The first 3D printed organ -- a liver -- is expected in 2014
One approach with 3D printing has been to print out a temporary "scaffolding" made of sugar glass (a sugar-and-water combination) that can act as a mold to support cells that eventually form blood vessels. It's similar to the way a bronze statue is created: First the mold is formed, then filled with metal. In this case, living cells are used instead of metal.
Miller and others have had some success re-creating those vascular structures through the use of sugar glass -- the same substance that's used to make easily breakable bottles and windows for stunts in movies.
"You start with a template, cast it and then melt [the sugar glass] out, leaving the vascular structure behind," Miller said. "Sugar is great because it's very rigid."
Using sugar glass as the scaffolding, Miller and his team of researchers have had some success in re-creating liver tissue. To date, the researchers have been able to create a piece of tissue the size of a thumbnail and keep it alive for two weeks.
Replacing ears and breasts
Earlier this year, researchers at Princeton University created a functional ear using a modified $1,000 ink-jet printer. They said the ear they created has the potential to hear radio frequencies far beyond the range of normal human capability because the tissue was combined with electronics as it grew in a petri dish.
The researchers laid down 3D printed cells and structural nanoparticles to build the ear. A cell culture was used to combine a small coil antenna with cartilage, creating what the scientists called a "bionic ear."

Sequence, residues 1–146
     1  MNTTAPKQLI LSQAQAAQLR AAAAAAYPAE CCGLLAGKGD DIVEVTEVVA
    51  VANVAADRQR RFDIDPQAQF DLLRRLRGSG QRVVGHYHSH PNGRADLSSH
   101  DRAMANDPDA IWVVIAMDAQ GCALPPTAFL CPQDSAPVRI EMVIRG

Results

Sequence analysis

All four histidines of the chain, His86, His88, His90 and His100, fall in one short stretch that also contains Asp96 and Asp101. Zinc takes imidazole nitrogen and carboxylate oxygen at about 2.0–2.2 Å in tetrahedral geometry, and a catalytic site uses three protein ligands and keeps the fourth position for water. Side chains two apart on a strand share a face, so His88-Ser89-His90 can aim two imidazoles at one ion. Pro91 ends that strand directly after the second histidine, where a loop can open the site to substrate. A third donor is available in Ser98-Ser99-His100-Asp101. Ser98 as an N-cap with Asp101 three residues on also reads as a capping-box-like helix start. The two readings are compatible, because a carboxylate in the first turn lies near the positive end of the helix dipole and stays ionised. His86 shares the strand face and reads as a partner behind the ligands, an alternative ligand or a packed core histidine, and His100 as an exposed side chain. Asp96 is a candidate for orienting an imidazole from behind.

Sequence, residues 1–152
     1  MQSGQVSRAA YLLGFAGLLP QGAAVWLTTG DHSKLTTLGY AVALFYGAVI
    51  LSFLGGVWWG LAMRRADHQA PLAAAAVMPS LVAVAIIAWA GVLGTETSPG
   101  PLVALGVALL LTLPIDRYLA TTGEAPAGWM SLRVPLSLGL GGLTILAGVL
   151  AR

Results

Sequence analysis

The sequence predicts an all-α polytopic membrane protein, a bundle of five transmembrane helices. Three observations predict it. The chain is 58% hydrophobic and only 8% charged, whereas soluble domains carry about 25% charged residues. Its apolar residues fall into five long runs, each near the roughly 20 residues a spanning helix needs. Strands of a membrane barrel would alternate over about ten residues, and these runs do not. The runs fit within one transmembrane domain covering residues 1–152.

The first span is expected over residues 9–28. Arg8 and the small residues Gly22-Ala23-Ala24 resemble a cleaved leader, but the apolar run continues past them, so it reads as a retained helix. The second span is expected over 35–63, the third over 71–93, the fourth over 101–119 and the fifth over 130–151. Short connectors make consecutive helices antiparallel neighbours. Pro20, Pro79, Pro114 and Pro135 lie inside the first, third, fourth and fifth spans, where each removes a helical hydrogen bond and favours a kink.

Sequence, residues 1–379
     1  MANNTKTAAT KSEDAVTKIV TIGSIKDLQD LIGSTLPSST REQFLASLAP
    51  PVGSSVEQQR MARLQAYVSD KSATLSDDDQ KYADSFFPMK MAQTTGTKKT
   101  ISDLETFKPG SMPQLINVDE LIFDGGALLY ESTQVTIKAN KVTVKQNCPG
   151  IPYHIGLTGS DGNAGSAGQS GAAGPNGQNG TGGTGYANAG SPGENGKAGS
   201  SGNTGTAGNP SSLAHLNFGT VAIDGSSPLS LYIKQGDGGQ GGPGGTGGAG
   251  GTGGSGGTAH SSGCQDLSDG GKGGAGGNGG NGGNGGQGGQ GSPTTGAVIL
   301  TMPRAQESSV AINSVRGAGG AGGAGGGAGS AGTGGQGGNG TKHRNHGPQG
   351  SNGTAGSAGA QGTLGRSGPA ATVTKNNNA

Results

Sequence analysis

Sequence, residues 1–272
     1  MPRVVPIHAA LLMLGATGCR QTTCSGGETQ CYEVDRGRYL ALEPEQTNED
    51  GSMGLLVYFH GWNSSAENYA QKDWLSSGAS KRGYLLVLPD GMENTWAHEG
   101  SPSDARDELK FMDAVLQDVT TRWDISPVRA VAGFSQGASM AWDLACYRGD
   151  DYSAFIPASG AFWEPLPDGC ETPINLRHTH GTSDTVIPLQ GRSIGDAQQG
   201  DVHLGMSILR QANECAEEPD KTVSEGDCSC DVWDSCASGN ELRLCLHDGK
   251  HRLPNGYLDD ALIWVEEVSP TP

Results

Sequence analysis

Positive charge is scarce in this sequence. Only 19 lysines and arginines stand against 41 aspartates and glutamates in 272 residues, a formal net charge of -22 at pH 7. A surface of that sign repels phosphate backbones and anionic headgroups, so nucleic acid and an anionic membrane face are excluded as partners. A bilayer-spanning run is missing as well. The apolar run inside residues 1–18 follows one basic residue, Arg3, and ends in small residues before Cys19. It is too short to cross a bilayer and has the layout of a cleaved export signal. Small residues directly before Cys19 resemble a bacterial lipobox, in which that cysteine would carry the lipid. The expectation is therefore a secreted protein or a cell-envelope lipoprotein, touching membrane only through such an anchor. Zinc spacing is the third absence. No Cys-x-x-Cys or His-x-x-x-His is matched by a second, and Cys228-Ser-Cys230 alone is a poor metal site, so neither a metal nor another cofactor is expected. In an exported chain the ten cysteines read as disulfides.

Scott Collins, CTO and vice president of research and development at bio-printing company TeVido BioDevices, said his firm is in the early-stages of using 3D bio-printing of live cells to build custom implants and grafts for breast cancer survivors.
This year alone, about 300,000 women in the U.S. will be diagnosed with breast cancer and up to 60% of them will choose a lumpectomy. According to TeVido BioDevices, at least 25% of women who undergo lumpectomies are dissatisfied with their physical appearance after the operation.
TeVido is developing an implant from fat and skin cells as well as working to print nipples and the surrounding areola using the patient's own cells. That way, the tissue won't be rejected and will have natural shape and pigmentation.
"Today, we have ways of implanting the breast mound, but as far as rebuilding nipple and areola, it doesn't work well," Collins said. "The pigment is just tattooed on and fades over time."
Lucas Mearian covers consumer data storage, consumerization of IT, mobile device management, renewable energy, telematics/car tech and entertainment tech for Computerworld. Follow Lucas on Twitter at @lucasmearian, or subscribe to Lucas's RSS feed . His email address is firstname.lastname@example.org.
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